MPs and anyone else who wants to enter the House of Commons precinct will have to be vaccinated against COVID-19 effective with the planned Nov. 22 opening of Parliament, the Speaker says.
Anthony Rota, the Speaker and chair of the Board of Internal Economy, which manages Parliament and includes members of various parties, announced the plan on Tuesday evening in a statement.
The requirement applies to MPs, their staff, political research office employees, administration employees, journalists and others, according to the statement, which was released after a board meeting.
Individuals are deemed fully vaccinated against COVID-19 14 days after they receive the recommended doses of vaccines, the statement said.
People with medical reasons for not being fully vaccinated will be able to provide proof of a negative COVID-19 test. The statement did not mention any option to attend remotely, or say if the requirement will apply to the Senate.
The statement said details are still being developed. It noted that decisions were made to meet recommendations from public-health authorities to help limit the spread of COVID-19 in workplaces.
MPs are returning to Parliament after the Sept. 20 federal election, in which the Liberals won a minority government.
The Liberals and Bloc Québécois in particular favour vaccination for MPs. New Democrat MP Charlie Angus called the announcement “a no-brainer” in a tweet on Tuesday night. “Glad to see that politicians are not being given a free ride while other Canadians are doing their part to limit the spread of the virus,” he wrote.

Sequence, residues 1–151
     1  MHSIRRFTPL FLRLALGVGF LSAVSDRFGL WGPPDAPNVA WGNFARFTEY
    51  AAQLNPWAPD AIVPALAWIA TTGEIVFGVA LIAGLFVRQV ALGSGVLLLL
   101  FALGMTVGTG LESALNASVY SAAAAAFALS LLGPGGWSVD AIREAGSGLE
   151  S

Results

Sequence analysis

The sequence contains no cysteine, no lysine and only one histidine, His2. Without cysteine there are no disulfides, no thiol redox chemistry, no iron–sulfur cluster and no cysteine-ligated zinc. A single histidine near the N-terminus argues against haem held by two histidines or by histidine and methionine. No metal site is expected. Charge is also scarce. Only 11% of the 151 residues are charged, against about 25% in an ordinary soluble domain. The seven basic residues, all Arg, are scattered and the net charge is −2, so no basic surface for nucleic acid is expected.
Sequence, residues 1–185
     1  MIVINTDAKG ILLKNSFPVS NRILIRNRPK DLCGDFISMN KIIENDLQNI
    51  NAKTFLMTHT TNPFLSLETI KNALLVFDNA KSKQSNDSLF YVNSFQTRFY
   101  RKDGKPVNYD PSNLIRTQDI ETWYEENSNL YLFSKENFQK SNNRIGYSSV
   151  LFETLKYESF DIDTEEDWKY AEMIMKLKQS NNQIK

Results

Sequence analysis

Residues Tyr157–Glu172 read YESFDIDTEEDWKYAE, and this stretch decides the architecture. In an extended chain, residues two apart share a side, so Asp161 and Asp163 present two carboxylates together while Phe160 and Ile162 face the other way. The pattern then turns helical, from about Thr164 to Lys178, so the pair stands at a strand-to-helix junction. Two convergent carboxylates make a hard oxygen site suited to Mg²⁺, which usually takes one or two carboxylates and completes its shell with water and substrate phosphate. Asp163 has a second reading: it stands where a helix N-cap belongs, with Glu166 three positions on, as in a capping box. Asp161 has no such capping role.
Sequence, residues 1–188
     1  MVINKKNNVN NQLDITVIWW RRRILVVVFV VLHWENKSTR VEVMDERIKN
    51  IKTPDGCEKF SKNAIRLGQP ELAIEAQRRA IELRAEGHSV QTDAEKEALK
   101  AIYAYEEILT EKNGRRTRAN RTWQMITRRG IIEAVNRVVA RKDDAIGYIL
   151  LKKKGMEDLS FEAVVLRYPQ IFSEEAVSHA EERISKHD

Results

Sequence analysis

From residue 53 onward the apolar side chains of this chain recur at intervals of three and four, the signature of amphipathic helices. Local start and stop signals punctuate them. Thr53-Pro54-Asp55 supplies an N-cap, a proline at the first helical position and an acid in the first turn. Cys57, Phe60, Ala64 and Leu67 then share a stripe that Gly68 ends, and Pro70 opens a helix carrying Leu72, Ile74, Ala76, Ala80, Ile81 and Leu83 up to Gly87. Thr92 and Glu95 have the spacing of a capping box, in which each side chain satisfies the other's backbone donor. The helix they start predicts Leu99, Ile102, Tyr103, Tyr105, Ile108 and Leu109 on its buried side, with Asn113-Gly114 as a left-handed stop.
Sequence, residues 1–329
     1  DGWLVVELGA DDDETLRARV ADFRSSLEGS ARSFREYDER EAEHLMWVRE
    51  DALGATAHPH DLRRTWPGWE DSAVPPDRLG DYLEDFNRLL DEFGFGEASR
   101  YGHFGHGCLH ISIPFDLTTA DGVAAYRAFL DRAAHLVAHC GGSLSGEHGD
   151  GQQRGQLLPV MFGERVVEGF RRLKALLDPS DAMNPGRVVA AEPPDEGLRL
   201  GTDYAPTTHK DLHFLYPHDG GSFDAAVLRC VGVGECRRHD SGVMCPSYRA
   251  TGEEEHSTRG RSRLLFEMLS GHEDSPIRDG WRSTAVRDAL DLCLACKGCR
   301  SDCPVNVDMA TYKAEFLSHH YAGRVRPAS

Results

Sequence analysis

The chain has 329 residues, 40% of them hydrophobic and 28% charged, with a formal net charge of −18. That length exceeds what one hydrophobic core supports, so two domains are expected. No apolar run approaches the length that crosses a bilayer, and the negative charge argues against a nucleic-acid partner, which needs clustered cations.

Conservative Leader Erin O’Toole has declined to say how many of his party’s MPs are vaccinated, maintaining that alternatives such as rapid testing should be available to those who don’t want to get the shots.
Mark Strahl, the MP for Chilliwack-Hope in British Columbia, has declared that the party should fight vaccination requirements for MPs.
In an Oct. 8 tweet, Mr. Strahl wrote: “Justin Trudeau’s vaccine mandate is discriminatory, coercive and must be opposed. We must continue to demand reasonable exemptions and accommodations, like rapid testing, for those unable or unwilling to be vaccinated.”
A statement from the Prime Minister’s Office last week said one of the first orders of business would be working with all parties to ensure all MPs in the House of Commons are fully vaccinated.
The statement said Canadians expect their elected representatives to lead by example, and the Prime Minister would raise the issue with other leaders.
Before the Speaker’s statement, Official Opposition spokesperson Josie Sabatino said that, in a conference call scheduled for Wednesday, Mr. O’Toole will tell the Prime Minister to stop using vaccines as a political wedge.
Mr. Trudeau is speaking to Mr. O’Toole as part of a round of calls with opposition leaders on priorities before Parliament resumes on Nov. 22.
Ms. Sabatino said Mr. O’Toole planned to tell Mr. Trudeau that Conservatives will put forward ideas to reduce and address vaccine hesitancy in Canada in the coming weeks.
On another issue, Ms. Sabatino said Mr. O’Toole planned to press Mr. Trudeau to stop the Canada Recovery Benefit by the end of November to address a labour shortage. The CRB, introduced last September to replace the Canada Emergency Response Benefit, provides individuals with $300 a week, although the actual payment is $270 after a 10-per-cent withholding tax.
On Tuesday, Mr. Trudeau spoke with Bloc Québécois Leader Yves-François Blanchet, and the Prime Minister’s Office said Mr. Trudeau will talk on Wednesday with Mr. O’Toole, Green Party MP Elizabeth May and federal NDP Leader Jagmeet Singh.
The Prime Minister’s Office has said a gender-balanced cabinet will be announced on Oct. 26.
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